Talk about Tales of the Alhambra: One of my earliest (of many) memories of Spain involves sleeping in this fairytale Moorish palace complex in the ancient city of Granada. OK, not exactly in the Alhambra, but about as close as you could get at night without being arrested. Then as now, the red-brick Parador de Granada (above) was possibly the most romantic of the Paradors in Spain, a unique chain of 94 historic lodgings that includes this 30-room inn created out of the former St. Francis Monastery, one of the Catholic religious structures built on the site of demolished palaces of the evicted Muslim rulers of Al-Andalus.
I’ve been back a couple of times since, and if it was a gem in 1978, by now the Parador de Granada has been buffed to a comfortable, even higher-quality gloss, with a lovely courtyard and all the antique details intact, but rooms and cuisine upgraded to world class. Meanwhile the views out the windows and what you’ll find right outside the front door are far more than world class – they’re UNESCO-World-Heritage class. Naturally, this is no longer the steal I recall at less than US$100 a night – nowadays a double here goes for 200 euros even in January, and peaks around 336 euros in the fall; this is exceptional, though, rates at many other paradores in Spain range from 70 to 100 euros nightly, making them exceptional deals as well as history-lovers’ catnip.
This queen of the world’s most romantic inns is, in my opinion, the jewel in the crown of a hotel chain that’s one of Europe’s, if not the world’s, most unusual for several reasons. Nowadays hospitality groups specializing in heritage properties are not a bit out of the ordinary. But not so in 1928, when the first parador was founded in the town of Navarredonda de Gredos (near Ávila in Castile) by order of Spain’s king Alfonso XIII, the first of many meant to promote the country’s tourism industry. I recall on that Andalusia trip my family also stayed at other historic paradores like the 14th-century Moorish fortress in Carmona near Seville, as well as others that weren’t particularly historic, such as the ones in Córdoba, near Málaga, and the Almería town of Mojácar. Apart from the pleasure of staying in and visiting some amazing landmarks, these experiences made me feel as if I was experiencing history instead of just seeing it two-dimensionally. Currently there are 94 paradors throughout Spain, and interestingly, 65 percent of their guests are Spaniards, proving their appreciation of their own country’s heritage. Following are just a handful of the top historic stars:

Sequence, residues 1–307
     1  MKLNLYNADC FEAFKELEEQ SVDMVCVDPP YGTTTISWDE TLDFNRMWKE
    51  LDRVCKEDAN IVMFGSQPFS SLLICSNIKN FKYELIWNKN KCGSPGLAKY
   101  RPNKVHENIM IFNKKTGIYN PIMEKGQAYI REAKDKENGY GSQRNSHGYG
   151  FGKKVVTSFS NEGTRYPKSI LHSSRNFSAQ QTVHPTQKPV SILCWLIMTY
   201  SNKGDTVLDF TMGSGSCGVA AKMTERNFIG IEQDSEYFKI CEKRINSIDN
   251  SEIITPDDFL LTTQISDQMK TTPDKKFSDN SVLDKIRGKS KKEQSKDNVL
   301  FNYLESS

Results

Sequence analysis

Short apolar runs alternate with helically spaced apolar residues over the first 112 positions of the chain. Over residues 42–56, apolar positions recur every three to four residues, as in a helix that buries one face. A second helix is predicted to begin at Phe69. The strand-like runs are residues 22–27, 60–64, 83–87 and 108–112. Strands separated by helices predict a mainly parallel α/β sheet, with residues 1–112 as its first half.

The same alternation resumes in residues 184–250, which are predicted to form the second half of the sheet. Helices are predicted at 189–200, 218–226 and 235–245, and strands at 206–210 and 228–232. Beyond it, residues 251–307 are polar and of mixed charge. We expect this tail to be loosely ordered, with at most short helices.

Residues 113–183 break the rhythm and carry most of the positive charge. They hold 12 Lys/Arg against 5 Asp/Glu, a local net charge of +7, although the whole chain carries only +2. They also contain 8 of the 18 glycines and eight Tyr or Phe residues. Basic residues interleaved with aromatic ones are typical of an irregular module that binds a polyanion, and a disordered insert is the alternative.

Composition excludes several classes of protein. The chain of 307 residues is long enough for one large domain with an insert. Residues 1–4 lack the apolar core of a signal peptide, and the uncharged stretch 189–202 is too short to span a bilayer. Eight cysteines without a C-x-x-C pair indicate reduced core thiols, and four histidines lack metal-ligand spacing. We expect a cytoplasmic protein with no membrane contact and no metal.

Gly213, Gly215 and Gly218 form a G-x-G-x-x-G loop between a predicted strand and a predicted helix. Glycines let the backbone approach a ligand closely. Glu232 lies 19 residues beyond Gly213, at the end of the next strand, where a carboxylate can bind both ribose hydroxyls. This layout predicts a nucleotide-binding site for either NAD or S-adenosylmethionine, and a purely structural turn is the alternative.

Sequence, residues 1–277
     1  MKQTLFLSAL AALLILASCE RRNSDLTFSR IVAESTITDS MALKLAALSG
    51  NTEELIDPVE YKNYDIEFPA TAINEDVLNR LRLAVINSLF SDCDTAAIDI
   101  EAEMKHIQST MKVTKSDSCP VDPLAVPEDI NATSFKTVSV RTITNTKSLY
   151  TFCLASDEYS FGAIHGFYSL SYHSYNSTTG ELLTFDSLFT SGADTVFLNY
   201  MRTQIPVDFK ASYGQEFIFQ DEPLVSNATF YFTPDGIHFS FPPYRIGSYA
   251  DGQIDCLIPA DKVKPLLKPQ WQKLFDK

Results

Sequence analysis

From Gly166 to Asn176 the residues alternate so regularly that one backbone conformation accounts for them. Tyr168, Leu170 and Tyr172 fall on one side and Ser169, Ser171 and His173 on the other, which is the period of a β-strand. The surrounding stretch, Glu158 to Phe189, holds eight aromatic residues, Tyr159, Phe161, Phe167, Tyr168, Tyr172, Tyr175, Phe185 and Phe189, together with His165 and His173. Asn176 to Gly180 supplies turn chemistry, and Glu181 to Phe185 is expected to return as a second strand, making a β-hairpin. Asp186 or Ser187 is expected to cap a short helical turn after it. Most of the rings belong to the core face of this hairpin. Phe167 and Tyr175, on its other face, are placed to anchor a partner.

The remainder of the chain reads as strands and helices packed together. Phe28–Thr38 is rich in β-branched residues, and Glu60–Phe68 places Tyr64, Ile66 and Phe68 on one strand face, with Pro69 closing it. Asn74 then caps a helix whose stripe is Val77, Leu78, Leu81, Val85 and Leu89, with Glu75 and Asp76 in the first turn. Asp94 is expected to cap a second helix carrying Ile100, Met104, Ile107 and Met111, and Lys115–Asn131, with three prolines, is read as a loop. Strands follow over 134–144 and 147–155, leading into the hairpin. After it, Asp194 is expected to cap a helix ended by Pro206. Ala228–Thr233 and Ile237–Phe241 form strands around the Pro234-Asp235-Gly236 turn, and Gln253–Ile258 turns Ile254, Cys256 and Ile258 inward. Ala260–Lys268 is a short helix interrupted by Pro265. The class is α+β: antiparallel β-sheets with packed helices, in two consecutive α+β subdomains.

Alarcón (Cuenca) A crenellated medieval fortress perched over a village halfway between Madrid and Valencia is now home to several rooms. It’s in a bucolic rural area perfect for an outdoor and/or romantic getaway.
Ávila This evocative Castillian walled city is an extremely atmospheric place to visit, and the parador in the elegant Piedras Albas Palace, built against the old city wall in the early 16th century, is the perfect home base from which to experience it.
Cangas de Onís (Asturias) The 12th-century Romanesque monastery of San Pedro de Villanueva makes a lovely place to stay while exploring one of my favourite parts of Spain, the hilly green northern Principality of Asturias.
Cardona (Barcelona) In Catalonia some 85 kilometres (50 miles) northwest of the city of Barcelona, you can stay in a primitive Romanesque castle (above) dating back to the 9th century. There are narrow cobbled streets to roam in the town below, lovely countryside beyond – and, of course, a ghost.
Ciudad Rodrigo (Salamanca) Another majestically medieval crenelated castle turned parador, dating from the 12th century, in a town 53 miles (89 km) from the city of Salamanca in the direction of the Portuguese border.
Cuenca The picturesque old quarter of this Castillian city has a lot going for it, but it’s most famous for the so-called “hanging houses,” partly suspended over a craggy gorge. And that’s the spectacular view you get from this parador created from the 16th-century San Pablo monastery just across the gorge.
León One of the most spectacular buildings of the bunch, the 16th-century Hostal de San Marcos in León’s city centre was built as the headquarters of the Santiago (St. James) order of knights. With 203 rooms, it’s a big, historic deal in a fun, historic city.
Santiago de Compostela Built in 1499 right next to the great cathedral, the 137-room parador in the Hospital of the Catholic Monarchs (below) is another grandiose jewel in the crown, a royally patronised project in one of Christendom’s greatest pilgrimage centres, the endpoint of the Way of St. James.
Sigüenza (Guadalajara) You might think I have a weakness for castles. Not necessarily, but nothing says medieval Spain like a crenelated rampart, and this 81-room parador is ensconced in one of the larger and doughtier ones in the parador network, in a very historic city 63 miles (101 km) northeast of Madrid.
Just scratching the surface here, I know. If you know paradores and I’ve left out a favourite of yours, I beg your forgiveness – I simply couldn’t include dozens, but leave us your own ideas in the comments! And for your next trip to Spain, browse some of the great properties, old and new, at www.parador.es/en.